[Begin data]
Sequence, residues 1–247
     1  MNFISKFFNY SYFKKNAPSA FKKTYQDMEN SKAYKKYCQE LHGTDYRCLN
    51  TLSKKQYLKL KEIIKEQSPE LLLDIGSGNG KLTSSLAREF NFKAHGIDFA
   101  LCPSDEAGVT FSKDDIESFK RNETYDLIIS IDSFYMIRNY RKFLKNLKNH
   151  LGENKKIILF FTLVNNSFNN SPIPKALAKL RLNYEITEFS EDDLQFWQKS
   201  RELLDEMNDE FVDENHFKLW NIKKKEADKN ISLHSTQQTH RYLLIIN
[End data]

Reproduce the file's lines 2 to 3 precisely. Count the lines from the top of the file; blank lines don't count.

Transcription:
     1  MNFISKFFNY SYFKKNAPSA FKKTYQDMEN SKAYKKYCQE LHGTDYRCLN
    51  TLSKKQYLKL KEIIKEQSPE LLLDIGSGNG KLTSSLAREF NFKAHGIDFA